Many of the multimedia learning principles expressed in the readings support the coherence principle by discouraging extraneous material. According to The Multimedia Principle, people learn better from words and graphics than from words alone. It avoids extraneous on-screen text by replacing it with graphics. The Modality principle states that people learn better if words are presented as narration rather than on-screen text. This principle avoids extraneous on-screen text by replacing with its narration. The redundancy principle states that people learn better from animation and narration alone than from animation, narration, and on-screen text. It avoids extraneous on-screen text by replacing it with narration and animation.

Clark and Mayer (2016) state that according to the cognitive theory of multimedia learning the learner is actively seeking to make sense of the presented material. If the learner is successful in building a coherent mental representation of the presented material, the learner experiences enjoyment. However, adding extraneous pictures can interfere with the process of sense-making because learners have a limited cognitive capacity for processing incoming material. In relations to this, the coherence principle states that adding interesting but unnecessary material such as words, pictures, or audio to e-learning can harm the learning process by preventing the learner from processing the essential material. So based on the cognitive theories of how people learn one of the primary instructional goals are to minimize extraneous processing and the coherence principle sets out to do this by minimizing cognitive processing that’s unrelated to the instructional goal.

I like Richard Mayer’s Coherence Principle because it addresses and offers various ways of dealing with extraneous materials that interfere with learning. Extraneous material diverts the learners’ attention away from the instructional goal, and I feel that this principle provides informative evidence-based guidelines to follow, that help improve learning and the effectiveness of the lesson by adding less to the instructional content. Extraneous material can be a distraction; it can disrupt the learner’s organization of information into their coherent mental model and activate irrelevant prior knowledge. Adding unnecessary material can detract from learning, so I agree with the adage for this principle that less is more.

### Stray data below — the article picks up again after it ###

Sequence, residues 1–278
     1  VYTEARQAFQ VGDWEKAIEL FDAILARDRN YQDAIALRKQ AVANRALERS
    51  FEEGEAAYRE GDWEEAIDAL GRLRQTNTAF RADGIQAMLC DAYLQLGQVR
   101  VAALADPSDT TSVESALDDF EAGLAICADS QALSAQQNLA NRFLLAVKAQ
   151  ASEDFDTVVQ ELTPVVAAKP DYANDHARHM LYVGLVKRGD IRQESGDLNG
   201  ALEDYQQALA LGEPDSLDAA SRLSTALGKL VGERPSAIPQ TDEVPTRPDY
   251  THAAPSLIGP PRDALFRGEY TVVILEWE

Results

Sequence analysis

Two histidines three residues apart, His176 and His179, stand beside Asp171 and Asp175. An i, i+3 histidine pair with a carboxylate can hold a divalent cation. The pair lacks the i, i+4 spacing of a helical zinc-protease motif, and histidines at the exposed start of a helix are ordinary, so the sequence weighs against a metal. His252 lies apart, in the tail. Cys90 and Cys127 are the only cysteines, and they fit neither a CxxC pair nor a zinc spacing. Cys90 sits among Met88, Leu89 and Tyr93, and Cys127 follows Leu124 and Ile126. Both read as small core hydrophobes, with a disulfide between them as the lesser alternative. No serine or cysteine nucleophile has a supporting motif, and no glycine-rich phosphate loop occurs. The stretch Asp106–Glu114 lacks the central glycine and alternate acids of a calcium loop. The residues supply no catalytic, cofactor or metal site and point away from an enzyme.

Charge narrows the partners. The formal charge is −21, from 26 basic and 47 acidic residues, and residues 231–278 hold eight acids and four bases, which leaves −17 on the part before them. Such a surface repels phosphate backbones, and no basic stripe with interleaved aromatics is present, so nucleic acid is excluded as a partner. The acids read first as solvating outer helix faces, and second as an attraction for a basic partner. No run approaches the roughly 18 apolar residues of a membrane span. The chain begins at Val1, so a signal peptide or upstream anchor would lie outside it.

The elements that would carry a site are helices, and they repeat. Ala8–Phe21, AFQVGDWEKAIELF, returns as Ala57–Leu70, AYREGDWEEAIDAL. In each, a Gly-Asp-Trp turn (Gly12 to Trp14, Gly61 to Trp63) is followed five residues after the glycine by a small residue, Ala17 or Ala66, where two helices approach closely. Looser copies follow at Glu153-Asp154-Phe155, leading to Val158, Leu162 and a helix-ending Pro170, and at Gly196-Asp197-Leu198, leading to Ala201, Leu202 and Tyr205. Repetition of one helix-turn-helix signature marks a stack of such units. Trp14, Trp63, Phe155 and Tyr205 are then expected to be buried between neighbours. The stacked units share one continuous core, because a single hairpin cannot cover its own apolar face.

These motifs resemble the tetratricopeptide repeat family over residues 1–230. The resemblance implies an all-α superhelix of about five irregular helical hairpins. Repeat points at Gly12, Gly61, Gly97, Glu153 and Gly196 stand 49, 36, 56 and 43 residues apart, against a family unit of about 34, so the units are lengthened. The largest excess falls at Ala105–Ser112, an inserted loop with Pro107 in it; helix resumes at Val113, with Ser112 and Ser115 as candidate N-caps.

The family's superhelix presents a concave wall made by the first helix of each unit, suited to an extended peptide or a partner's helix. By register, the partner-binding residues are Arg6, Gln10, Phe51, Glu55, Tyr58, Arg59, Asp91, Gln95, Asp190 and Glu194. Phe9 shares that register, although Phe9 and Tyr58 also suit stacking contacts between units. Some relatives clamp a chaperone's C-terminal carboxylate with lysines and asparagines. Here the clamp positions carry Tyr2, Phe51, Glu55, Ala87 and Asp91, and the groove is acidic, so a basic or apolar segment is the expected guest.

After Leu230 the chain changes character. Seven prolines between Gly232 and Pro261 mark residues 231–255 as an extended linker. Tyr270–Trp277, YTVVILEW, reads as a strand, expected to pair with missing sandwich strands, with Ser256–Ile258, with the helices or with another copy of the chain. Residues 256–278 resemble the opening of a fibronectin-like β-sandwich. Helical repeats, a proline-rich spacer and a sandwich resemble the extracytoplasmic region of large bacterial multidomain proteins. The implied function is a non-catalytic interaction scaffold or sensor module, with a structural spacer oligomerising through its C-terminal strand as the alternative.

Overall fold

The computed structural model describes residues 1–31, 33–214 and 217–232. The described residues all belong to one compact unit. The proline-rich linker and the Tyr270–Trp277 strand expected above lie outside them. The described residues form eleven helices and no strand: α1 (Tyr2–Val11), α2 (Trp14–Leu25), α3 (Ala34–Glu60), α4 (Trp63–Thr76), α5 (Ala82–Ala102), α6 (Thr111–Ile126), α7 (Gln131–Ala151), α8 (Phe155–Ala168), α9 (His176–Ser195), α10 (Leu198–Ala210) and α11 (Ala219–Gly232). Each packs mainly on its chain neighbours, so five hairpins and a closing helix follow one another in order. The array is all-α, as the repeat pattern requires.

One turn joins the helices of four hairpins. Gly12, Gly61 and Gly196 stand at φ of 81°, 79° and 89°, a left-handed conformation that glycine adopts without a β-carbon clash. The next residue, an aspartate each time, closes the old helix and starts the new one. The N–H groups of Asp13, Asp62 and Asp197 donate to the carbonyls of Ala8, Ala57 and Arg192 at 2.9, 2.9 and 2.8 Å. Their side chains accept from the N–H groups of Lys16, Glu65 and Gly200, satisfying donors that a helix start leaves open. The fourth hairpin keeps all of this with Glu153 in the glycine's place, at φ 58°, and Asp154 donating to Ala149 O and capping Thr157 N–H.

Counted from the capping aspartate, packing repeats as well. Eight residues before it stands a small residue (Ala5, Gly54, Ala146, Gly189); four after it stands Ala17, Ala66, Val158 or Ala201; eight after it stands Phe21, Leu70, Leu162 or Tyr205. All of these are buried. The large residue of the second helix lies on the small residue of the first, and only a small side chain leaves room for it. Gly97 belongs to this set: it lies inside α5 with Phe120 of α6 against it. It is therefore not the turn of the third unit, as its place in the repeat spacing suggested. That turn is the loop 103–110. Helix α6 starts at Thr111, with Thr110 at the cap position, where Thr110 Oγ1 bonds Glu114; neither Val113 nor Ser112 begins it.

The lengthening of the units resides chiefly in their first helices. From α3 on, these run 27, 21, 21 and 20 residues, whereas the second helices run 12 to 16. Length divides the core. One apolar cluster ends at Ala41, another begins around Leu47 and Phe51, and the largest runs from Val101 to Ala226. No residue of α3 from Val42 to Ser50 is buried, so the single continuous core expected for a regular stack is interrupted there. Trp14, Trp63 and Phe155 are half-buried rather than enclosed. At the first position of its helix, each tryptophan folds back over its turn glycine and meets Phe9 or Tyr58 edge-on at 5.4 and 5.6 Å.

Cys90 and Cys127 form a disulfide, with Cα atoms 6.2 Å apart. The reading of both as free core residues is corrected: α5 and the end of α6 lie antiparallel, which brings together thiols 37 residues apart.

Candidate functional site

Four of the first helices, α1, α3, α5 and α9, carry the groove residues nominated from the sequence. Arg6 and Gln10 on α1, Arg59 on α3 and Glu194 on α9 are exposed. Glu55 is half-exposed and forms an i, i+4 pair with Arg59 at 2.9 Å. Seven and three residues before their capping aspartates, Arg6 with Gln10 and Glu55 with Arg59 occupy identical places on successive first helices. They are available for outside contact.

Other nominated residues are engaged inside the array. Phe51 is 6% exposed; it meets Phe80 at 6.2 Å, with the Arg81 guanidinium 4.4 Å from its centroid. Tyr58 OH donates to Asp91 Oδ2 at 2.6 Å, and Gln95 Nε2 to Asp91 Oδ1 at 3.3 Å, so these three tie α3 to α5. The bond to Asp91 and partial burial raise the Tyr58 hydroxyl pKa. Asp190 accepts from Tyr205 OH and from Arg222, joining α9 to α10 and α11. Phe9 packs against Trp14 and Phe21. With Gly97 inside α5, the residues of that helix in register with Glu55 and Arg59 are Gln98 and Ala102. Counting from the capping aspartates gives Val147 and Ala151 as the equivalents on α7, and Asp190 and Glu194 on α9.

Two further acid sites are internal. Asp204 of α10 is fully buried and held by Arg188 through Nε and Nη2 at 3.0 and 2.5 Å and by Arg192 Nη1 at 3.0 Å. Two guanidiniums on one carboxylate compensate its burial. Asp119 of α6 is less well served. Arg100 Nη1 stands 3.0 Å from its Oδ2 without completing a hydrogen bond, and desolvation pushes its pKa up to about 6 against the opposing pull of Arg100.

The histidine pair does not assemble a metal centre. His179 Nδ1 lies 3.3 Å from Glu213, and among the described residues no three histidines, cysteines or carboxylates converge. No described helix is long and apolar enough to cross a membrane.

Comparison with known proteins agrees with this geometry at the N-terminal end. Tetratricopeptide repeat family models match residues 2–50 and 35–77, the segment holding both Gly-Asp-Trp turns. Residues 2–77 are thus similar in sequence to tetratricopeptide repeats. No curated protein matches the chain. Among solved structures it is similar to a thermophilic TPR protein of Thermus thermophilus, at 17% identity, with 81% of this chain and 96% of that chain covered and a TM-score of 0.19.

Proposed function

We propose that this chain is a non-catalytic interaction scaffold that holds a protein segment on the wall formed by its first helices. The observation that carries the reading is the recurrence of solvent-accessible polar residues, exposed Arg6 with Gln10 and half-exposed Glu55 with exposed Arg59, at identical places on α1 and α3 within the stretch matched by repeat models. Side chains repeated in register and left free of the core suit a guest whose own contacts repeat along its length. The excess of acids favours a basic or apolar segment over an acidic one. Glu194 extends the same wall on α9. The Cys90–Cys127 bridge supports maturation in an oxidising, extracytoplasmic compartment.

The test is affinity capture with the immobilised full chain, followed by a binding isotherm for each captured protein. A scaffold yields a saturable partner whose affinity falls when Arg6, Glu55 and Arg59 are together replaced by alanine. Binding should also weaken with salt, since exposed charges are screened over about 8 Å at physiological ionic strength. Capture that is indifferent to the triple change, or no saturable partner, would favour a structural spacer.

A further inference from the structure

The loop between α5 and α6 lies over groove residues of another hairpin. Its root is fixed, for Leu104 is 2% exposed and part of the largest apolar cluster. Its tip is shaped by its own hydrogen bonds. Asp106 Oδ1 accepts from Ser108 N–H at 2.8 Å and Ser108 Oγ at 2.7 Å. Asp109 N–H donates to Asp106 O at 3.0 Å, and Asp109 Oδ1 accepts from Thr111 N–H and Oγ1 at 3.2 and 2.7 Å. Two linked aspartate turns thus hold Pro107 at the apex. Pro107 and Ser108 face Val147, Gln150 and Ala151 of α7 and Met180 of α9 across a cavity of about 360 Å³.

In conclusion, I feel that learner engagement plays a significant role in the learning experience and there’s plenty of evidence that supports that, as well as the notion that students learn better when they are interested in the material. The challenge for instructional professionals is to stimulate interest without adding extraneous material that distracts from the cognitive objective of the lesson (Clark & Mayer, 2016). I feel that there are ways to add interesting text, audio, and images that support the instructional goal as well as promote interest. Research in this area is still needed to better understand instructional effectiveness.
References

Clark, R. C., & Mayer, R. E. (2016). E-Learning and the science of instruction: proven guidelines for consumers and designers of multimedia learning. Hoboken, NJ: Wiley.

Mayer, R. E., & Moreno, R. (2003). Nine Ways to Reduce Cognitive Load in Multimedia Learning. Educational Psychologist, 38(1), 43-52.

Nagmoti, J. M. (2017). Departing from PowerPoint Default Mode: Applying Mayer’s Multimedia Principles for Enhanced Learning of Parasitology. Indian Journal Of Medical Microbiology, 35(2), 199-203. doi:10.4103/ijmm.IJMM_16_251

Here is the link to my Coherence Analysis in GoogleDocs.

Advertisements
This entry was posted in Uncategorized. Bookmark the permalink.

Leave a Reply

Fill in your details below or click an icon to log in:

WordPress.com Logo

You are commenting using your WordPress.com account. Log Out /  Change )

Google photo

You are commenting using your Google account. Log Out /  Change )

Twitter picture

You are commenting using your Twitter account. Log Out /  Change )

Facebook photo

You are commenting using your Facebook account. Log Out /  Change )

Connecting to %s